First, I asked if anyone knew what an Inukshuk was. (No one here did, however I live in Miami/Ft. Lauderdale area…far away from Inukshuk Territory). After showing the teens a few pictures I had taken and printed out for them from my many trips to Vancouver, I asked them what they noticed in the different pictures. (Some were big Inukshuks from the top peaks of mountains, on the bay in Downtown Vancouver, and some were smaller ones which my boyfriend and I had made ourselves on the beach.) I got obvious answers like, “They’re all rocks, they are big, etc.” and a few observant teens actually said that they looked like rock people. DING, DING, DING! (;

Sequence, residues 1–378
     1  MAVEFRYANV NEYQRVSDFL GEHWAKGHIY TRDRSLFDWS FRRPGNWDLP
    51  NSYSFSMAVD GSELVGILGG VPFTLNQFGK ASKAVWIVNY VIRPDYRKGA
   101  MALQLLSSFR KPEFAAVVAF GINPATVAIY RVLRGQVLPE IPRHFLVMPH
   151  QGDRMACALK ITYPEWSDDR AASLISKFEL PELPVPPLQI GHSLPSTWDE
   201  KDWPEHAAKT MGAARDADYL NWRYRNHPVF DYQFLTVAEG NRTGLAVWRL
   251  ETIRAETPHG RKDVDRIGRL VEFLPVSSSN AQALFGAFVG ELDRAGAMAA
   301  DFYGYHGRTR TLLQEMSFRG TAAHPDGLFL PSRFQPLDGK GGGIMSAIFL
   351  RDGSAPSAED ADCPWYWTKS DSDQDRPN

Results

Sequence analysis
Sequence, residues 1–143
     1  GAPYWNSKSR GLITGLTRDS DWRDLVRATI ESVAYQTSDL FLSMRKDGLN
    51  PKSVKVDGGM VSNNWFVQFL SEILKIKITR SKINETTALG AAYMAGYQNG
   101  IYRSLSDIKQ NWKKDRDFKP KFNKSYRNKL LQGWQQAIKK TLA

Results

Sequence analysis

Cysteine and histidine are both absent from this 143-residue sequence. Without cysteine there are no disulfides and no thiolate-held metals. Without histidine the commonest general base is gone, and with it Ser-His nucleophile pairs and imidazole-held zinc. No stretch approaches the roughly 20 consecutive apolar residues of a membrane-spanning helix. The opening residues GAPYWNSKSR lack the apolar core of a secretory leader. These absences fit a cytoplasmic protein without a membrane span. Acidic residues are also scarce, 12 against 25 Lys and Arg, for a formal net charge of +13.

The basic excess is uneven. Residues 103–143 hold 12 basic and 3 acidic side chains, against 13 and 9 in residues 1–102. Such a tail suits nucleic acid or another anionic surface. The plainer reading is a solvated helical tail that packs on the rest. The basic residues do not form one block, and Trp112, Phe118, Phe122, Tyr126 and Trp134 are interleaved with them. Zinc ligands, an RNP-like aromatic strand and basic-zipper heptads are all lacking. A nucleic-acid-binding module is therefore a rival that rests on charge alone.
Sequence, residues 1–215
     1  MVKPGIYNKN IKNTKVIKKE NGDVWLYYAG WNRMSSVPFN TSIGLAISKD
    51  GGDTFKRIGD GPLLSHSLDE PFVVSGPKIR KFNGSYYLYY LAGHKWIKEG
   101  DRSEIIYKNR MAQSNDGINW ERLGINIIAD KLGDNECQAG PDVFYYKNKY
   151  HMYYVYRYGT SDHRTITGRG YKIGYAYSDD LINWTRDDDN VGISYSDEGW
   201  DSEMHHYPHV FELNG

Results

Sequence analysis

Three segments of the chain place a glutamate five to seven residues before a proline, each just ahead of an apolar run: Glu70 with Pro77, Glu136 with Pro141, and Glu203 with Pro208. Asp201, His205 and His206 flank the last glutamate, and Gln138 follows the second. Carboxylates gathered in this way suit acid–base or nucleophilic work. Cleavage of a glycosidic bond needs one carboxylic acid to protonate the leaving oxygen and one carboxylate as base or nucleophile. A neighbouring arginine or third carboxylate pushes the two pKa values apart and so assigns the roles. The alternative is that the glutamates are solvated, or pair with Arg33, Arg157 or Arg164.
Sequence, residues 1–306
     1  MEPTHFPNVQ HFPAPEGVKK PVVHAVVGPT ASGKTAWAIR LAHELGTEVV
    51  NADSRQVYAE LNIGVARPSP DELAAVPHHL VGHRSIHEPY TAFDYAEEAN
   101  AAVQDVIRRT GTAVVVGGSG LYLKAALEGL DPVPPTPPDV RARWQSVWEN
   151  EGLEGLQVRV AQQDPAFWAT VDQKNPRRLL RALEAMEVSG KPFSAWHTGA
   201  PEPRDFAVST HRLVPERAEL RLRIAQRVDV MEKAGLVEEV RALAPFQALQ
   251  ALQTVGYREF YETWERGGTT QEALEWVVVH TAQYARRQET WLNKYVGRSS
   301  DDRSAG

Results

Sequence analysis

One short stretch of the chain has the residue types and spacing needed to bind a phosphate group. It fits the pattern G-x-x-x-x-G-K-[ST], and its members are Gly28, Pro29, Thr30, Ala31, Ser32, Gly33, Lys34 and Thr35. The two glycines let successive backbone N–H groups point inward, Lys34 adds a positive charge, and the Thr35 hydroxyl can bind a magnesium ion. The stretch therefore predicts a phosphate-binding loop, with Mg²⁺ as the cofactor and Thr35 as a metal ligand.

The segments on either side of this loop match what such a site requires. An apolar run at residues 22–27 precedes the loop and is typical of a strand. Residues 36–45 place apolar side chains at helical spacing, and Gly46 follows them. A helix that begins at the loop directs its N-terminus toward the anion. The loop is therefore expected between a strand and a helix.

INUKSHUK MEANS –
‘In the Likeness of a Human’
in the Inuit Language
The Inuit Tribes (First Nations) built them centuries ago in NW Canada and Alaska.
The traditional meaning of Inukshuk and signifigance to the Inuit People is-
“YOU ARE ON THE RIGHT PATH” or “SOMEONE WAS HERE”
The Inuit People built an Inukshuk for the purpose of navigational or directional aids, or to indicate migration routes or places where fish and other food can be found. They are among the oldest and most important objects placed by humans upon the vast Arctic Landscape. An Inukshuk can be small or large, a single rock, several rocks balanced on eachother, round boulders, or flat. Each one is unique and the arrangement of the stones indicates the purpose of the marker. Often times the direction the ‘arms’ are pointing is the direction previous tribes have traveled or the direction of a passage through the mountains to a safe area or bountiful food supply.